a. Masthead DF and Frequency Antenna.- Covers the bands 1 to 18 GHz with separate frequency receivers provided for each frequency band;

b. Processor.- Provides an extensive radar mode library, in excess of 100 lock-on warner channels and fully automatic signal analysis.

c. Display Console.- High resolution colour display which allows the operator to provide clear colour distinction between known friendly and hostile threat signals.

4.8.3 On-board ECM System.- The existing AN/ULQ-6C is a radar deception jammer and decoy system. It has a frequency range of 7 to 11 GHz and has a minimum saturated peak power output of 750 watts. The AN/ULQ-6C has been designed to counter pulse modulation systems such as Conical Scan (CORSO) and Lobe on Receive Only (LORO),  by receiving, amplifying and introducing false scan modulation to the interrogating ignals, then transmitting the distorted signals back to their source. The DDH- 280s have two AN/ULQ-6C systems fitted (Port and Starboard). Each system is completely independent of the other, with its own control panel, receiver, transmitter, antenna and logic circuitry.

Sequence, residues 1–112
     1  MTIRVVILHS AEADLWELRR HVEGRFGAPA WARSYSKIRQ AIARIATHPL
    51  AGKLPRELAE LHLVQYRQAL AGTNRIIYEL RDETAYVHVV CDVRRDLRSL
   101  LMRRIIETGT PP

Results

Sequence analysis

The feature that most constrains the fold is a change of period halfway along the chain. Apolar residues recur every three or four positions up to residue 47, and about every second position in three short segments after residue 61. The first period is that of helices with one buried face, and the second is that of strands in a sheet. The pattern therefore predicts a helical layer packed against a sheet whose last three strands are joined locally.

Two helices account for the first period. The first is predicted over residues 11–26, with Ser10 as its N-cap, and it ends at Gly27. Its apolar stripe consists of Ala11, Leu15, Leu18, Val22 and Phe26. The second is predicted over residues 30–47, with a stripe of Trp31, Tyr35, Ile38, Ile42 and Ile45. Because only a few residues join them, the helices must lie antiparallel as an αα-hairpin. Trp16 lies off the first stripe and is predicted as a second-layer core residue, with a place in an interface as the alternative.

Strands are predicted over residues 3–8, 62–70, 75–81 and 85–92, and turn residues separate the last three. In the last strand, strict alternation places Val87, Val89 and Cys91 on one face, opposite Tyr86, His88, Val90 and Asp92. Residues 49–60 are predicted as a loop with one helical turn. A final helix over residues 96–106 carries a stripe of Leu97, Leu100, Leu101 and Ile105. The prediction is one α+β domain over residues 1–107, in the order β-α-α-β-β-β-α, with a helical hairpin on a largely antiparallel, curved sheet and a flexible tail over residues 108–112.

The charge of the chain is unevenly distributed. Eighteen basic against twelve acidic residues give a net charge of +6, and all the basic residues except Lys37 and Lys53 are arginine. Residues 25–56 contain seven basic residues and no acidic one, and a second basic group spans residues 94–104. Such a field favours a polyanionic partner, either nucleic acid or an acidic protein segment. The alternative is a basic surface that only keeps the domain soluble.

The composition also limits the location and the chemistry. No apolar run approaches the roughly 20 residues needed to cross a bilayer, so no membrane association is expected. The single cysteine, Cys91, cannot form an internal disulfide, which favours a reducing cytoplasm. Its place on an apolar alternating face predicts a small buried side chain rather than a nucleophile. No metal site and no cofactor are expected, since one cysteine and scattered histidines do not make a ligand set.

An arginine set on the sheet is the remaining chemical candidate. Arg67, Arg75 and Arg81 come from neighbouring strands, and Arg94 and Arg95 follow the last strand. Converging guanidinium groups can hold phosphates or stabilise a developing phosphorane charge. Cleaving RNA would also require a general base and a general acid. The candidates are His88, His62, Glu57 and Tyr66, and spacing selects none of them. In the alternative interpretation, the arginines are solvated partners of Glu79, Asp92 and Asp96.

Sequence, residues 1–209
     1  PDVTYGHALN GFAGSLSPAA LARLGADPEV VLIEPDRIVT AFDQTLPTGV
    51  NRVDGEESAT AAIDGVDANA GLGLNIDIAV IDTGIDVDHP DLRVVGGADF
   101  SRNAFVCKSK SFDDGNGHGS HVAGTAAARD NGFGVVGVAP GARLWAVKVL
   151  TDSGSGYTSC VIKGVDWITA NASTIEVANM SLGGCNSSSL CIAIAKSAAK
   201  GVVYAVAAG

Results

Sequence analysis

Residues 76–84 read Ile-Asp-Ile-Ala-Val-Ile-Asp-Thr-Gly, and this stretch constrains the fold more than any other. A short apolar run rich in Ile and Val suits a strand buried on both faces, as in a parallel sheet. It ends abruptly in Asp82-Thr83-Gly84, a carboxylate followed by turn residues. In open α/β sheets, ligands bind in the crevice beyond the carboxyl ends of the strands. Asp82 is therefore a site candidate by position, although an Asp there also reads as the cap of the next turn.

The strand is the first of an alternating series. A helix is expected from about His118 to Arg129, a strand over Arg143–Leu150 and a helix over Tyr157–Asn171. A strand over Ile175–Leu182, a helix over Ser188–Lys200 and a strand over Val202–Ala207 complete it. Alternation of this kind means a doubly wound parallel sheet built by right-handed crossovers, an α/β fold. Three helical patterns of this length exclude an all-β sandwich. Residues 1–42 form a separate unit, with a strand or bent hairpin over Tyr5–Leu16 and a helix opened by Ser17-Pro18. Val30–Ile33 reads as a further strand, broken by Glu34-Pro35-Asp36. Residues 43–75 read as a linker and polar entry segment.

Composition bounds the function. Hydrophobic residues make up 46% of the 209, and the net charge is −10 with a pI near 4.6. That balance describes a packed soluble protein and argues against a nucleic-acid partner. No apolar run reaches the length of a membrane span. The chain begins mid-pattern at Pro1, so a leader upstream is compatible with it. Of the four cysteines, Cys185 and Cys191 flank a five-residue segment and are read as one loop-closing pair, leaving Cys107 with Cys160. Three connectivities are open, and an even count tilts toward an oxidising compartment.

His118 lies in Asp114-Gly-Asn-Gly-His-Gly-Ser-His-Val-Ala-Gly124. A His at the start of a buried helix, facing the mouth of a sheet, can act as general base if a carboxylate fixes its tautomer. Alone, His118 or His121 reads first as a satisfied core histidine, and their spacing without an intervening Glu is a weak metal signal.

4.8.4 SHIELD-2  The Shield II Off-Board ECM System (Figure 21) provides the TRUMP 280 class ship protection from anti-ship missile attacks by means of tactically deployed decoys via four fixed azimuth launchers, each with six parallel barrels deploying chaff and/or IR rounds by means of a Shield Control System. Adjacent to

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the launchers are munitions stowage lockers and loaders units, which are used to isolate firing circuits primarily during reloading. Each pair of port and starboard launchers are controlled and powered by a Launcher Control Module (LCM). Each LCM receives ships power through Emergency Power Modules (EPM) which alternatively serve the port and starboard sub-systems by means of batteries in the event of normal power supply failure. Each port  or starboard subsystem can be monitored from the Bridge Module (BM) which can be used to manually deploy decoys. The control system units are linked to a Command Module (CM) which is interfaced to the ships data bus. The CM is the principle control and display unit and contains tactics modules to provide optimized decoy deployments for the selected control modes and imposed attack scenarios.